30 August 2011

Baco Noir

Now that I’m living in a burgeoning wine region, I thought I’d push my envelope and try a medium that few artists are working in: wine. How different from working in watercolours or inks can it be?

Materials (now featuring 100% more vino).

Where to begin? With the wine, of course. With dozens of wineries in Prince Edward County to choose from, I decided on the Sandbanks Estate Winery to feature first. Their signature wine is made with a grape called Baco Noir which is rare in this area (and, unfortunately, has nothing to do with bacon or back-hoes). My medium for this painting happens to be vintage 2007.

Initial results.

At first the wine looked like a light violet mixed with some red, but as it dried, it got a little darker, towards purple. Still, the wine was very transparent and, although perfect for the initial blocking-in of shapes, wouldn’t get me the intense darkness I prefer for deep contrast. I tried laying down a second “coat” on the wine parts after the initial pass has dried, but I could tell simply adding wine on top of wine wouldn’t cut it in the long run. I’d heard of other artists cooking the wine, reducing it as though making a sauce, to get it to a dark and a little thicker, too.


Small Pond Test Kitchen.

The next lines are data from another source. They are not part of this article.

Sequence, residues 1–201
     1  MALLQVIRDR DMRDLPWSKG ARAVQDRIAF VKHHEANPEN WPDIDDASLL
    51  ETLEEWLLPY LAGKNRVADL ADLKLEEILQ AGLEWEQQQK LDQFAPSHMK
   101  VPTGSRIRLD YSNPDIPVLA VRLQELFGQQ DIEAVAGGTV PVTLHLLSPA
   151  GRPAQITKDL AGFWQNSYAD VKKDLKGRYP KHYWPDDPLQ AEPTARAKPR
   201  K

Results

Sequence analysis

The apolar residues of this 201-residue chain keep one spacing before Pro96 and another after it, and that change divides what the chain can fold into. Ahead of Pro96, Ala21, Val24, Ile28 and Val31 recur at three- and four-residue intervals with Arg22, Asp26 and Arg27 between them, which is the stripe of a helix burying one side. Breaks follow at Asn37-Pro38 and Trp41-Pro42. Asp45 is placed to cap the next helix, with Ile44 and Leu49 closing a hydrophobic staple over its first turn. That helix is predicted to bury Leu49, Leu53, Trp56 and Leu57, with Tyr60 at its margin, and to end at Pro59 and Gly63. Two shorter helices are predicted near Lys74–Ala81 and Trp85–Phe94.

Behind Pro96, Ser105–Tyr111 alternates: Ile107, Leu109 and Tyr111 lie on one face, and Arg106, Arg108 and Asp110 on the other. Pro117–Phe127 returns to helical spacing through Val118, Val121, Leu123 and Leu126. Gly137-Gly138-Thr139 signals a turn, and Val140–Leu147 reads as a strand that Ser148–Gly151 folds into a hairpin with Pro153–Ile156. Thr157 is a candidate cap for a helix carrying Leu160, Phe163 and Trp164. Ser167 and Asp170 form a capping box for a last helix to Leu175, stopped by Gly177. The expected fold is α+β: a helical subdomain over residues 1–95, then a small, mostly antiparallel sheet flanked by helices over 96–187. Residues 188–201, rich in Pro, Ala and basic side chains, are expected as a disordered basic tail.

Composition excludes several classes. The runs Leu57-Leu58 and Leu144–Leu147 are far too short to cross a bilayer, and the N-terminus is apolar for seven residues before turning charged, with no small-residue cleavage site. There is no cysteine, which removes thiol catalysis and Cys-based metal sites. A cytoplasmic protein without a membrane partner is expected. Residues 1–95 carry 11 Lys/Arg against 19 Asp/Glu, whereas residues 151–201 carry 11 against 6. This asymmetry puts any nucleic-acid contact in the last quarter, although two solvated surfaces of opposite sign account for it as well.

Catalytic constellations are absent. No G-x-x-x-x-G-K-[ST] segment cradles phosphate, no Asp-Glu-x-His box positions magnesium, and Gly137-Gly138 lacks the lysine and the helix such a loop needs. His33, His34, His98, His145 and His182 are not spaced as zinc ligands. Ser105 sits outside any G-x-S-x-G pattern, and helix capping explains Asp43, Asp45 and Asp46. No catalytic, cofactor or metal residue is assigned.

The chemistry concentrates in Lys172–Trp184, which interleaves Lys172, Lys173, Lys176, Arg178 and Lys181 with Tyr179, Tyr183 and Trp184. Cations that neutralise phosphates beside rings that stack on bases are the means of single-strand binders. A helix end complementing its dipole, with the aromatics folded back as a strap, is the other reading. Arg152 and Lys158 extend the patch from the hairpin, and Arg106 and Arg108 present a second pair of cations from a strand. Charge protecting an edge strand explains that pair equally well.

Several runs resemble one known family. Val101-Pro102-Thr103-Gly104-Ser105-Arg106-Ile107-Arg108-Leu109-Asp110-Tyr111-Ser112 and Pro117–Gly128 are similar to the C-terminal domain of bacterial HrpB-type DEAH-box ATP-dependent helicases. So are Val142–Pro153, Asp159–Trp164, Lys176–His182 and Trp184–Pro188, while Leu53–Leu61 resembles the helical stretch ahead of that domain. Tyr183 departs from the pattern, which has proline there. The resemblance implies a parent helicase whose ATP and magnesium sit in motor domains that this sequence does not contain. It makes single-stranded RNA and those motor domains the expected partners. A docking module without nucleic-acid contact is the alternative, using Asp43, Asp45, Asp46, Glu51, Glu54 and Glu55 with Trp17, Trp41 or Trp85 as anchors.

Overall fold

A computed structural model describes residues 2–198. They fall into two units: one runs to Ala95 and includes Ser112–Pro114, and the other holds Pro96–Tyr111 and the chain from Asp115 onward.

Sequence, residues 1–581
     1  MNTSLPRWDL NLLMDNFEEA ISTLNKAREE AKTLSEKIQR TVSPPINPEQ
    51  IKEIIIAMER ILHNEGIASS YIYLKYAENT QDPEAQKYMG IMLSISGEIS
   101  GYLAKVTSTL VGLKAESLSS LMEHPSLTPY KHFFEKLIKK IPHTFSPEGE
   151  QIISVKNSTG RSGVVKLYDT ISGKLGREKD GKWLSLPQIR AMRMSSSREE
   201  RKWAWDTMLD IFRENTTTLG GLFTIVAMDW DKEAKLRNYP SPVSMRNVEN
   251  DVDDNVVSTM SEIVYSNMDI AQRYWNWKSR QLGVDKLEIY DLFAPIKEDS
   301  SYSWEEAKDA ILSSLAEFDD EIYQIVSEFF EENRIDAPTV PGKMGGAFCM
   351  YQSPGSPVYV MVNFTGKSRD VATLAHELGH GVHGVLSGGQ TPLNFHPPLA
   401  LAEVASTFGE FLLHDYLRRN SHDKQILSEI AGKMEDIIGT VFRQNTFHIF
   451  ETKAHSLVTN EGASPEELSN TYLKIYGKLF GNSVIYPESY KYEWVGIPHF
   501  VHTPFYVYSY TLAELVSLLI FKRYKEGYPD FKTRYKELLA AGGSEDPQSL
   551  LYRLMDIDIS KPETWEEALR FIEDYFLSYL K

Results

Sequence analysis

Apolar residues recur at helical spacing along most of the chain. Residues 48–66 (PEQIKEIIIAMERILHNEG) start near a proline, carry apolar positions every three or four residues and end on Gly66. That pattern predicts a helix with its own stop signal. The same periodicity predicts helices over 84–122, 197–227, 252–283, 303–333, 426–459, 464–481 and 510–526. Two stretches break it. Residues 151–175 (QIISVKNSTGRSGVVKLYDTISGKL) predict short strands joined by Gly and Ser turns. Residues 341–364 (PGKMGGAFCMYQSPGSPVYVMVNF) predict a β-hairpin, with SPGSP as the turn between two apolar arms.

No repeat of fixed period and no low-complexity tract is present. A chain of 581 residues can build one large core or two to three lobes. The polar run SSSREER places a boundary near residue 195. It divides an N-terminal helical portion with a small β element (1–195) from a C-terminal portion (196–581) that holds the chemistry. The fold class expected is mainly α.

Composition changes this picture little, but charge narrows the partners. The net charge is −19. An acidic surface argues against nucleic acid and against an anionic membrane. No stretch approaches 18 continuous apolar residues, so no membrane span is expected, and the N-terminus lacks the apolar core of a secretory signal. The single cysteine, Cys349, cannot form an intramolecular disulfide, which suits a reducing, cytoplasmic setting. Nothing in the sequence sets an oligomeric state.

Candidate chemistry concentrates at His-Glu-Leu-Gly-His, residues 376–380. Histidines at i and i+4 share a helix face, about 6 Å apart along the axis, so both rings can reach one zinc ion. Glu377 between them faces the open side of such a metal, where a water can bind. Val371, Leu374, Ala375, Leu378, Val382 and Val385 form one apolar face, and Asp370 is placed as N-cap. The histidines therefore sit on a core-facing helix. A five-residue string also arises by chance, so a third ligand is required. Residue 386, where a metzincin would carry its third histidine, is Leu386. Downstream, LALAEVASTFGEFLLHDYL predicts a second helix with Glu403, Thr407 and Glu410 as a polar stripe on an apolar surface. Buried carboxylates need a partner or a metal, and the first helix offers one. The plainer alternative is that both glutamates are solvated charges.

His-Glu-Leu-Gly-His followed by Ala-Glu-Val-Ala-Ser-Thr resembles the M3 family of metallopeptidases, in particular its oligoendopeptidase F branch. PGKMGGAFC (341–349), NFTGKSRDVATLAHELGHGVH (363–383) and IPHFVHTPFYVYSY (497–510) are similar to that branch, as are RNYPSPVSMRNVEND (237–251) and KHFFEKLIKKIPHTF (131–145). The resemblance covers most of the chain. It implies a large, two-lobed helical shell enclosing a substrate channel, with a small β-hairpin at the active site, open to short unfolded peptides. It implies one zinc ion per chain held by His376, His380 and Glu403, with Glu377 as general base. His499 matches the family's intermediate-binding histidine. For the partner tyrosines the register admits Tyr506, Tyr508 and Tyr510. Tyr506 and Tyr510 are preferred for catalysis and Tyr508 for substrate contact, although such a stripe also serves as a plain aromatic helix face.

I didn’t measure the wine before cooking, but I poured a good number of glugs into the small pot and began reducing it on medium, testing the wine with a brush on scrap paper intermittently. After just over half an hour, I decided to stop the reduction for fear of reducing it all away. The wine was now darker, redder, and slightly thicker –not perfect, but better.

Reduced.

During the reduction, I added some water to the wine in my cup to lighten it and filled in the remaining white areas in the background and cutting board.

Pretty good for grapes.

The reduced wine looked pretty good –rich and deep red– but I discovered that wine takes longer to dry than regular watercolour paint. In fact, after laying down the latest “coat” of wine at around 11pm that first night, the painting was still wet the next morning at 8:30am, so I put it in the sun to dry. Exposure to sunlight might wreak havoc with the lightfastness (i.e. permanence) of the pigments, but I couldn’t think of another way to dry it (besides sitting over it with a hair dryer, wasting time and electricity).

The never-drying painting.

It's been a year now since this experiment (yes, the final painting below is dry) and my six new wine paintings are nearly done. I used three different wines, including the bottle of baco used in this experiment. Interestingly –but not unexpectedly– the wine has turned a rusty brown colour, both the liquid in the bottle and the wine in the painting, so the deep purple colour below has now oxidized and changed.

Baco Noir

15" x 11.5", wine on watercolour paper, 2010
(photographed in 2010)


See the follow-up here.




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